Review by Rick Ossian
Any of you who have already heard these cats KNOWS what they are capable of, so it should come as no surprise when I tell you that I was duly impressed by their latest release. If you are a fan of the grandiose, the spectacle, the bombastic stuff – then ye need seek no further. Symphony X are the epitome of the prog metal genre in my humble opinion. They eat Dream Theater Crunchies for their morning tea, folks. These blokes are NOT messing around, they seriously mean business! Upon my hearing the first ‘single’ for release, Nevermore, I knew that the wait had been worth it. It was in these very pages where you must surely have read my musings on their previous release, Iconoclast. They have stepped up their game even more, which probably should have come as a surprise, but alas – it did not! Paradise Lost was also a gem, but we are not focused on that particular rock at the moment. Today we focus on the Underworld…
The second ‘single’ release, Without You, is more of a ballad-style piece, but it also has its anger appeal factor, as we are blasted about midway through the track by a lead guitar solo par excellence from fretmeister Michael Romeo. By the way, since we are doing a bit of name-checking, let us stop briefly and introduce the other key members involved here, shall we? Those of you who are familiar with the Adrenaline Mob know of Russell Allen, who is the man behind the pipes. Seldom have I heard a vocalist with such exuberance and skill(s) to match. He is ably backed by Michael Lepond on bass and Jason Rullo on the drums. The man tinkling the ivories is one Michael Pinella, and while not necessarily a Wakeman or Emerson, he is clearly in possession of some of the most innovative keyboard techniques I’ve ever heard. The fellows who call themselves Symphony X are from Middletown, New Jersey.
Also on our listening list for this endeavour are the epic title track, not to mention seven other worthy titles; Kiss of Fire, Charon, To Hell and Back, In My Darkest Hour, Run With the Devil, Swan Song and Legend. We also have the Overture at the beginning, which is mainly drums and monks chanting (of course), but there are also horns and violins and that sense of creepy cool on the synths that always makes people want more, you know. At about the one-and-a-half minute mark the gents really rock out.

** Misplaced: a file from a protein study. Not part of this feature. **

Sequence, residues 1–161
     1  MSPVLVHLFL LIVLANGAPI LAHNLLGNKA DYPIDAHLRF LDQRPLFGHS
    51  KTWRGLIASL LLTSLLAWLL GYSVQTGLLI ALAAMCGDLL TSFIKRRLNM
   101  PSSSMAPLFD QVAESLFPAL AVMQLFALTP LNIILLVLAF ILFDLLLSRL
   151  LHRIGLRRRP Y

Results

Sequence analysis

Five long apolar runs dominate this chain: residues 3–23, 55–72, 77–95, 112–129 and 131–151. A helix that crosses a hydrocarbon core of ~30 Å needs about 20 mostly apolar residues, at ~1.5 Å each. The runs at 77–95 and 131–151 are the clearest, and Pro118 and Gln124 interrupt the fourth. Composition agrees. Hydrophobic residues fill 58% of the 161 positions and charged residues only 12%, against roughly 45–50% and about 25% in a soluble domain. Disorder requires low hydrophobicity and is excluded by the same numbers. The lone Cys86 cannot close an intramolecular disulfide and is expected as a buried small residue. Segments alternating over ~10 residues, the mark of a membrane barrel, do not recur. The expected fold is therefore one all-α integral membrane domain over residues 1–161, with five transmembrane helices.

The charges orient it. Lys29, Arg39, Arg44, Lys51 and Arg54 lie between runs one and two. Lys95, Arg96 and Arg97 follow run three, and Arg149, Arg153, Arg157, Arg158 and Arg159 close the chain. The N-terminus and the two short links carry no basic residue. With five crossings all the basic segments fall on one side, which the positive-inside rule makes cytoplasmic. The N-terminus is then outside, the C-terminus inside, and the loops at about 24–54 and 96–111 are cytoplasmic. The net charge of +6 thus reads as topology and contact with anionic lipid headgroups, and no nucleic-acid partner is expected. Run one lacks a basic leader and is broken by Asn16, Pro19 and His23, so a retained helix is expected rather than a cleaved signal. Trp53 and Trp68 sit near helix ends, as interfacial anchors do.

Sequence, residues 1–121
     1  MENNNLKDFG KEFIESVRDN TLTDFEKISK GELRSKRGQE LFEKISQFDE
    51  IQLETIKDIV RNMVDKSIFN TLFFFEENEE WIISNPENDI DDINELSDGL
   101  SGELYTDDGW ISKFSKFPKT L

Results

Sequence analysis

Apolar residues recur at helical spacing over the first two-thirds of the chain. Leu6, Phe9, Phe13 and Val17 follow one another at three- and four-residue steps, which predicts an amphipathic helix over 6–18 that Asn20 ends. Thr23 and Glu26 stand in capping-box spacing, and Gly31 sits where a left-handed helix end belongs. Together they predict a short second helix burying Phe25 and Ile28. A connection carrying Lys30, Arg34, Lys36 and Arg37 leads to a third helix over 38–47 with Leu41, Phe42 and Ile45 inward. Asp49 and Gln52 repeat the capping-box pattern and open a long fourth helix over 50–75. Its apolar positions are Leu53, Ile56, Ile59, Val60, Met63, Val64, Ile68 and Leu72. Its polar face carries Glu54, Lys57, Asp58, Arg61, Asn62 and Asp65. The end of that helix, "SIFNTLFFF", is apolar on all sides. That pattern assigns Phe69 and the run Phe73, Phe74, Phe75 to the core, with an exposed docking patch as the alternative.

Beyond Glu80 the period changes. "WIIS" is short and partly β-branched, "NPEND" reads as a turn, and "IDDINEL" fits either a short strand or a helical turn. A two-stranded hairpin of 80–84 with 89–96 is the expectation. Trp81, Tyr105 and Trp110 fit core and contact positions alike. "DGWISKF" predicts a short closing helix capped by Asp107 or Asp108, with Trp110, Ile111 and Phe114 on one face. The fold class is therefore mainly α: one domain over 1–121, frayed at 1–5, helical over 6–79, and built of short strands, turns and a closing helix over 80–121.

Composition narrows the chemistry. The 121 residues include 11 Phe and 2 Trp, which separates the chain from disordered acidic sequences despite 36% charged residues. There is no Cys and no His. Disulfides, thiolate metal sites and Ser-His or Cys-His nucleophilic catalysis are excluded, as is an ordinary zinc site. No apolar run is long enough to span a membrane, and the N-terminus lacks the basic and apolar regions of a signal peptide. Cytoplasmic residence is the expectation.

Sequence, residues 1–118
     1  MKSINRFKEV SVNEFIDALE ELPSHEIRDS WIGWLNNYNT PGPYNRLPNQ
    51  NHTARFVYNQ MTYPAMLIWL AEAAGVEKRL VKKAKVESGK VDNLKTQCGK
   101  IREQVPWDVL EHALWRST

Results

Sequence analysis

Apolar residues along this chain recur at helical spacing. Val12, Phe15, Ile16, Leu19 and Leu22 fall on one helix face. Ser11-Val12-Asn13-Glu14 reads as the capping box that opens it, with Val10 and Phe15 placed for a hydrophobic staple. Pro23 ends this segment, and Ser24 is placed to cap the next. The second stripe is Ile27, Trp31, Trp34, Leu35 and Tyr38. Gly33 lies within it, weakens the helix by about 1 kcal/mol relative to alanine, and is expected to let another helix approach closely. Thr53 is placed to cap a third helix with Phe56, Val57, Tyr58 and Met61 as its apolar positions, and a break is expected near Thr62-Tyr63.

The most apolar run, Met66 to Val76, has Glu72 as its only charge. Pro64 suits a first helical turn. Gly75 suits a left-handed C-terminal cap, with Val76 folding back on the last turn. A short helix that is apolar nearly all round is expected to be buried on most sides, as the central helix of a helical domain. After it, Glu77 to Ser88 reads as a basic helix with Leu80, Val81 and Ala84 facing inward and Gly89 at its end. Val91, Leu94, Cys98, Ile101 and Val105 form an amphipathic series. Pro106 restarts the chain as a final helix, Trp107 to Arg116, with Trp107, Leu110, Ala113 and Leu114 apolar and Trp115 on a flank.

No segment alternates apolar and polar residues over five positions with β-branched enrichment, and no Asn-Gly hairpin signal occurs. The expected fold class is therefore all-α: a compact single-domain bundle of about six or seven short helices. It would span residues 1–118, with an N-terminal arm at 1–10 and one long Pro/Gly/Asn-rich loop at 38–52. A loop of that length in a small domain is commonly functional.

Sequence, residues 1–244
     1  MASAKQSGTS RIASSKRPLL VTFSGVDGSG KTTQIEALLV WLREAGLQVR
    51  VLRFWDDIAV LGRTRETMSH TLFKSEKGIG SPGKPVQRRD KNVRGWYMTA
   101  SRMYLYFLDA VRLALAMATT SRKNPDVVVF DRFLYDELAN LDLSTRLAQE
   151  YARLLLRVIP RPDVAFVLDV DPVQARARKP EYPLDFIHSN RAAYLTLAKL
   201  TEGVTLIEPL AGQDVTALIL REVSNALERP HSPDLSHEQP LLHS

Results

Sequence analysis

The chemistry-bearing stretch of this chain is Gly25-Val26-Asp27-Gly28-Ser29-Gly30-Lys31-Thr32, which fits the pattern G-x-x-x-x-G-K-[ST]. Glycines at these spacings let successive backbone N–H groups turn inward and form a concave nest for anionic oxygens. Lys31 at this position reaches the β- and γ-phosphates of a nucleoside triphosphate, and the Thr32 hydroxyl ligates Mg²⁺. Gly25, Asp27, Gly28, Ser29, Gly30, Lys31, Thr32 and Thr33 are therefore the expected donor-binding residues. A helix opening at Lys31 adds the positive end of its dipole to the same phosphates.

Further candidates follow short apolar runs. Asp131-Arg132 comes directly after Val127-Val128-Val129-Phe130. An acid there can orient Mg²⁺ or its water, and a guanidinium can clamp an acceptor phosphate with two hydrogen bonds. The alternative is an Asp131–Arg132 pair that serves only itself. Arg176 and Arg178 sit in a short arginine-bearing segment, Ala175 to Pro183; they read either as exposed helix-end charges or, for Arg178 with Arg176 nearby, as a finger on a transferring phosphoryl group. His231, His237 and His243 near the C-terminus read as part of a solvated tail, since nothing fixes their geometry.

The title track is quite possibly the best example of trip-hammer drumming and double-time Maiden gallop I’ve heard in some time. The main riff is a wicked one, and the vocals really don’t make their presence known until about a minute in. At 4:20 all hell breaks loose musically, and then at 5 minutes in they go back to the main riff.
Kiss of Fire features more of the monks and drums, but a minute in and the gents are off to the races again with the main riff. There is also a big riff at the intro, and more enormous riffage throughout. At five-and-a-half minutes in there is a wickedly cool lead guitar solo. It also seems that the bass, guitar and drums are busy as fuck! The only thing that makes me wonder is what the hell are five schmucks from Jersey talking about the Winds of Charon for? Oh, crap there I go profiling again! After all, there ARE some smart folks in Jersey, right? Just busting your balls, guys!
To Hell and Back is a very large and beautiful ballad with a nice tight intro and another awesome main riff. Three minutes in there is a lead guitar solo, and at 4:30 there is also an instrumental breakdown. The lyrical couplet at 5:30 calling for ‘no quarter to be given‘ is very Westeros, but it is also very genuine. These guys have grand ambitions, and it seems that their chops are, at last, on equal with their musical goals! At 7 minutes in, there is another guitar solo – in fact, Michael Romeo‘s fretprints are all over this number.
In My Darkest Hour, at least compared to most of these numbers, is short but sweet. There is a slamming double-bass drum-fuelled intro and a neat guitar solo at 2:45. Run With the Devil is also a heavy slammer with the opening seeming to be the moment when everyone’s interest is captured. After all, intros ARE important. If they can’t grab you within the first 10 seconds of the tune, most punters will bail. Trust me, if a song starts out stupid, nobody wants to stay on board for the whole thing…To be fair, there is a total jam at the four-minute mark!
Swan Song, another of the longer beasties, is mellower than most of the music recorded here. It features some beautiful piano work, some nice lyrics (But now you’ve gone/ And the swang song echoes on), and some wicked shredding at about the four-and-a-half minute mark.
Legend is a closer, and again the shredding and the drums and the slamming take hold like a nice-fitting glove. Any of you out there who are into Symphony X need to immediately discover this piece. It will not disappoint you!